The water levels are rising, and Pier 1 (NYSE:PIR) is quickly losing its moorings. The home furnishing retailer, which reported its third-quarter earnings yesterday, continues to disappoint. Awash in pessimism, this Fool wonders if Pier 1 has any potential to regain its footing.

But first let's put on our waders and slosh through the results. Sales for Pier 1 fell 11.8% to $402 million from $456 million in Q3 2006. For the nine months, sales fell 9.5%. Making matters worse, management boosted its marketing activity to bolster sales, which only aggravated its losses. Lower sales and the deterioration of gross margins, which fell to 49.7% from 52.5% a year ago, translated into a loss of $0.83 per diluted share for the quarter, from a $0.06 loss a year ago. Stock option expensing, which wasn't required last year, cost the company $0.01 per diluted share.

There was also a nonrecurring $0.28 per share charge relating to store-level asset impairments, but regardless of how you slice it, the results weren't good. And they haven't been good for some time, as net income peaked for the company in fiscal 2003. The continued disappointments are surely now discounted into the current share price, which -- below $7 -- is the same price it traded at roughly 10 years ago. However, a new year is approaching and hope springs eternal for better performance at Pier 1.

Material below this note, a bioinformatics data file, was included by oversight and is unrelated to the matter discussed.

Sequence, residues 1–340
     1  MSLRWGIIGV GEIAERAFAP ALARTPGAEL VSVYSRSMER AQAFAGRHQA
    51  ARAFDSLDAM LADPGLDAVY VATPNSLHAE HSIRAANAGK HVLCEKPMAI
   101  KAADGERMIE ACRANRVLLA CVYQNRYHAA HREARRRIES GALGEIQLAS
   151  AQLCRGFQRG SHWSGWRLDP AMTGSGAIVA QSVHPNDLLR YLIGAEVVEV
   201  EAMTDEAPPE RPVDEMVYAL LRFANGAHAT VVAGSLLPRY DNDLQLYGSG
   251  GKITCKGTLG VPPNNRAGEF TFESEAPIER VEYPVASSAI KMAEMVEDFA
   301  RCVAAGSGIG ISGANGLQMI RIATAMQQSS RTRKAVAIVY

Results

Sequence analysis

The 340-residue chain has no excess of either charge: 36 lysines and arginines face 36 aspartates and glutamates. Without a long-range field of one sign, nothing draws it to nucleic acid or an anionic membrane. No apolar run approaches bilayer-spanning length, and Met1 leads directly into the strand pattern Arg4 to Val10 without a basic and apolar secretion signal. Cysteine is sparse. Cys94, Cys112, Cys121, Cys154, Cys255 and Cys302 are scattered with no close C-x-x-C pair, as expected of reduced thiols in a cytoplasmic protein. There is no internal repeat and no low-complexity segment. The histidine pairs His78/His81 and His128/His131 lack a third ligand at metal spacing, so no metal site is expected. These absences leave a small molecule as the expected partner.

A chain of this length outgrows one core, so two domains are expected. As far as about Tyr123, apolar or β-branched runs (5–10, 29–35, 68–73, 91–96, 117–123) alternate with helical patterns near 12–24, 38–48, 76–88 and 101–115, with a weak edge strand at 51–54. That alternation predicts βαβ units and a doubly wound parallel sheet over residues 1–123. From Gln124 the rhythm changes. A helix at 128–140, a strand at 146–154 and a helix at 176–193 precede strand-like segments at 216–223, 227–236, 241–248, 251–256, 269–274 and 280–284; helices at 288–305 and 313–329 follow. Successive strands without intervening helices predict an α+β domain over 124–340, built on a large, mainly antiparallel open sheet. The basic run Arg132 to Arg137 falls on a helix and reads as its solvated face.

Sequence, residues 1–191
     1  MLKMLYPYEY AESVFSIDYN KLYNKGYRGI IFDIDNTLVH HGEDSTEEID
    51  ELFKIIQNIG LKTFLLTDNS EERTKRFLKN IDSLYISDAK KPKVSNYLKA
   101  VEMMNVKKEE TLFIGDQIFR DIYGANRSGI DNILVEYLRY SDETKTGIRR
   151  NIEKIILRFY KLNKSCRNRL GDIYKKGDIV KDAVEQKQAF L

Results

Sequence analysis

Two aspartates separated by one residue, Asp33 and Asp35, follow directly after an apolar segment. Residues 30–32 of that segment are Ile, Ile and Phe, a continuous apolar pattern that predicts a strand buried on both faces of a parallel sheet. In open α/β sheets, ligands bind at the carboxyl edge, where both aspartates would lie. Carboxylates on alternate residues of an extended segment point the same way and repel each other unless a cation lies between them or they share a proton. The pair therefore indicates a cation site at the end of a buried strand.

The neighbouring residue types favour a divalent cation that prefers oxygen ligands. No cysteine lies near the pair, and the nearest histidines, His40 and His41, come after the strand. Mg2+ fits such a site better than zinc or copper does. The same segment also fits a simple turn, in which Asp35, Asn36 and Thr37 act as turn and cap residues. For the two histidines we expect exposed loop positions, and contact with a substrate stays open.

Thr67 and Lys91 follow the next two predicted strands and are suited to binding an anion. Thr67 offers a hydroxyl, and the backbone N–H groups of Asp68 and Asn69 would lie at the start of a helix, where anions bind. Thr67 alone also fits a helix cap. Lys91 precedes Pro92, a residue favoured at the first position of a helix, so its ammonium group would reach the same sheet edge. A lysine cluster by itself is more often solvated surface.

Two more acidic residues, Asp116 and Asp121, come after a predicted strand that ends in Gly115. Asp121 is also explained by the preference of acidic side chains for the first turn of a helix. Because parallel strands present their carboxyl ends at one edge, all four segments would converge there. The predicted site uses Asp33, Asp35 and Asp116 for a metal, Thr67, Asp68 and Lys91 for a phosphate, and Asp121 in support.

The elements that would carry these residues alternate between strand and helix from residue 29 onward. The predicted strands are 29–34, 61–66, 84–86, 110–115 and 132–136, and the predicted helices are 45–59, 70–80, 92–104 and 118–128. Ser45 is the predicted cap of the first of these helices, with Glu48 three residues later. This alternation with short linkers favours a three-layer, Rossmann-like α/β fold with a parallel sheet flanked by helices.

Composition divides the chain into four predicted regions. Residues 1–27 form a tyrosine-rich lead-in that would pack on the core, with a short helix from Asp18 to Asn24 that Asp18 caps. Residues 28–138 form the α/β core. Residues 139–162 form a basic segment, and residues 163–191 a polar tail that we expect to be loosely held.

To start things off, CEO Marvin Girouard is retiring this coming February, which could freshen up management and breathe new life into operations. If by some stroke of genius the incoming management team can get back to generating 10% operating margins, the valuation would significantly improve. Assuming flat sales of $1.7 billion, a 37% tax rate, $12 million in interest expenses, and 88 million shares outstanding, I get $1.13 per diluted share in earnings. A conservative 10 times multiple on earnings translates into a valuation of $11.31 per share.

If it takes management three years to achieve this expansion in operating margins, the potential revaluation to $11.30 would be a 20% compounded average return on investment. Add another year and it's still a 14% compounded return. Sales, which are currently depressed, should also rebound with better operating performance, increasing the upside to any revaluation.

Splash. So much for potential and dreams of optimistic returns. Now let's get back to solid footing. Pier 1, along with compatriot Cost Plus (NASDAQ:CPWM), will continue to struggle against big box retailers Target (NYSE:TGT) and Wal-Mart (NYSE:WMT), making progress extremely difficult. Although going private might give Pier 1 more time to turn around, hoping for a private equity buyer to emerge is just that -- hoping. And hoping is not the type of investment strategy I recommend.

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Fool contributor Matthew Crews welcomes your feedback -- really! He has no financial position in any of the companies mentioned. The Motley Fool has an ironclad disclosure policy.